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Artillery is another significant way in which software advances have changed combat, Crawford said, pointing to the Army’s “Fires Center” at Fort Sill, Okla.

“We've gone to software-based technologies that provide a lot more capability in a given weapon system platform. That's a shift we're seeing across the Army.  It's really software that is enabling our warfighting capability,” Crawford said.

GPS-guided artillery weapons, such as the Army’s 155m “Excalibur” round first fired in 2007, hinge upon software advancements. The ability to pinpoint targets to within one-meter of accuracy from up to more than 35-kilometers has changed the landscape of modern land warfare.

Giving war commanders this option was a development of particular significance during the counterinsurgency efforts in Iraq and Afghanistan. Instead of a more linear mechanized warfare scenario, U.S. forces were forced to adapt to fighting smaller groups of enemy fighters often dispersed among civilian populations.

A need for precision targeting identification, therefore, emerged as a technology of the utmost combat importance.

“If you go back to pre-9/11, our systems were designed to fight a force-on-force type of conflict. As we faced a new enemy and new tactics, we had to enhance and adapt our software to fight an urban type of fight,” said Medhat Abuhantash, Director of the Software Engineering Center.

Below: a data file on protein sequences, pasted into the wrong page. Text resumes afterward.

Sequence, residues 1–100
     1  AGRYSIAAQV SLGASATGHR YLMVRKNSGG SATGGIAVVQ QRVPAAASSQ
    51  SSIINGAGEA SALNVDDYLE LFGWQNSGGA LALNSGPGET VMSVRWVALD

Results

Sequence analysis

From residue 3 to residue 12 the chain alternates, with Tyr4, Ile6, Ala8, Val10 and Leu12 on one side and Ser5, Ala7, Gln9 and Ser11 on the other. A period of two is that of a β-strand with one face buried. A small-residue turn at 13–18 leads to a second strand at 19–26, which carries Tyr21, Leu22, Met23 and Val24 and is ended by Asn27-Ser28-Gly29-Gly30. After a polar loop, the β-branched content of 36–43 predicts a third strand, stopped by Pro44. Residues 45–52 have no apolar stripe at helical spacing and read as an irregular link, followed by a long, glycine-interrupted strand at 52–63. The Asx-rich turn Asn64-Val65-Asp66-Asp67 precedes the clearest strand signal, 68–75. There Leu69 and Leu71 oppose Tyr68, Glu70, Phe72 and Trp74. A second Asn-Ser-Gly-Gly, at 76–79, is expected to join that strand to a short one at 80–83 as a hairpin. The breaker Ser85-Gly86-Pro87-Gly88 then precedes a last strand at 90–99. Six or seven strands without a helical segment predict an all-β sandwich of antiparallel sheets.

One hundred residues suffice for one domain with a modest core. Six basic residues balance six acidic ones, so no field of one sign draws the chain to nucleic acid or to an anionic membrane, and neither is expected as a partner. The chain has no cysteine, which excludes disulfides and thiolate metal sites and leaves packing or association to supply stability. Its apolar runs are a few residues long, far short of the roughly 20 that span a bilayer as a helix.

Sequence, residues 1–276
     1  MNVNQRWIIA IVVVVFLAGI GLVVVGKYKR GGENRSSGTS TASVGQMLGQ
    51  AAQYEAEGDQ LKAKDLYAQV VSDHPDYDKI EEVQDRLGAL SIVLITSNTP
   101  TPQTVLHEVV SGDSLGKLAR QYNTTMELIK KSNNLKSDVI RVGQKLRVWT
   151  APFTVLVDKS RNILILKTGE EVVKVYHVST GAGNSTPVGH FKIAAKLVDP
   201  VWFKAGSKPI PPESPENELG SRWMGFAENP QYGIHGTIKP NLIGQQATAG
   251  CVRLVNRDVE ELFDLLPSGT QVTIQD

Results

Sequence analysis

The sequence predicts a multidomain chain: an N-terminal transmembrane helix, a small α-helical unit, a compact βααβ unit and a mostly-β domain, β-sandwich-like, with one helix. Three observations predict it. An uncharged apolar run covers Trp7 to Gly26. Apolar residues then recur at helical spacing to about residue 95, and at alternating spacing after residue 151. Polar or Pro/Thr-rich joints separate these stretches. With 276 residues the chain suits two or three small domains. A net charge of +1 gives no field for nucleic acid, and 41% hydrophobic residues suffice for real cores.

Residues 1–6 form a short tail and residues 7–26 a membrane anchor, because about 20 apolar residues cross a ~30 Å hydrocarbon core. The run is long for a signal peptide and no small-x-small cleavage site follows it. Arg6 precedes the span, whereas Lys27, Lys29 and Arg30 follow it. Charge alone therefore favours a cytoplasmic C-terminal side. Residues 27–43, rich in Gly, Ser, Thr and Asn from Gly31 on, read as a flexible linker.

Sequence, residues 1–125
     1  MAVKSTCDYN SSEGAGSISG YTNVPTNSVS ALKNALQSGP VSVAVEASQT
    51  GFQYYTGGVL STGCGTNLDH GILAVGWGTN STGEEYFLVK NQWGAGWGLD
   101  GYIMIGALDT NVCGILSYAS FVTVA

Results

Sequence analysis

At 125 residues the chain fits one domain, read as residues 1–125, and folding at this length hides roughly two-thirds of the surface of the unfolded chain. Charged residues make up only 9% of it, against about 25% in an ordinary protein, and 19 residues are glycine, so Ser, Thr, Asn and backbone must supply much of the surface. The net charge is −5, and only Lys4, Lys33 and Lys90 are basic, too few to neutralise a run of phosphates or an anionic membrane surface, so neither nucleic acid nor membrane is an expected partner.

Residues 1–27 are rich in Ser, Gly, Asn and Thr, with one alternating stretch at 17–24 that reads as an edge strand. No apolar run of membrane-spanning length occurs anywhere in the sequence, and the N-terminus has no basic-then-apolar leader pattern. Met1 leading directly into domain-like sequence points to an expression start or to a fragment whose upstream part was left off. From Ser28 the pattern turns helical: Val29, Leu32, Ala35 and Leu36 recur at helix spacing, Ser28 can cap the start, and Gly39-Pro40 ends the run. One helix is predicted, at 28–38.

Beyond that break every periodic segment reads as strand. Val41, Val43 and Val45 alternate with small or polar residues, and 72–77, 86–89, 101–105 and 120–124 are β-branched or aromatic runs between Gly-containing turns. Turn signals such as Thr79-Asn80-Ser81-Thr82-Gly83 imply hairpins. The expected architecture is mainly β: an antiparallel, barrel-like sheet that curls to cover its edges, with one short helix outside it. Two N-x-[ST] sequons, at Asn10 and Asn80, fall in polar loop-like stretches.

Another software-reliant precision weapon to emerge over the last 15 years of ground war was the Guided Multiple Launch Rocket System, or GMLRS; this rocket also used advanced software and GPS guidance to attack Taliban and Iraqi targets, such as “high-value” enemy leaders or bomb-making facilities, at distances up to 70-kilometers.

Thermal sights in Abrams tanks and other armored vehicles, digital force-tracking graphical mapping technologies such as Joint Battle Command-Platform and even small arms have growing pertinent software components. 

Software is at the heart of an ongoing developmental effort called Rapid Target Acquisition which connects soldier night vision to M4 Carbine weapons sights.

Called “Family of Weapons Sights – Individual,” the technology uses a wireless link to show the reticle from thermal weapons sights directly into the night vision goggle display, using the Enhanced Night Vision Goggle III. 

This allows soldiers to quickly track and destroy targets with great accuracy without needing to actually move the weapon to their shoulder and head to see the crosshairs through the thermal sights, Army developers have explained.   

A key dimension to the “Software Solarium” involves special meetings among senior Army leaders aimed at adjusting to the rapid and consistent emergence of a software-reliant weapons arsenal.

Crawford explained that the cyber domain, including priorities such as cybersecurity, are inextricably linked to software.

“We brought in Army Cyber on the front side of this to have a conversation about how we can create more collaboration space between the development and sustainment of software and the actual cyber enterprise that's building capacity for the Army down to the tactical level,” he said.   

U.S. allies are now collaborating with this effort as well, Crawford said. He said he discussed software in personal visits to Australia, the United Kingdom, Germany and Korea within the last year.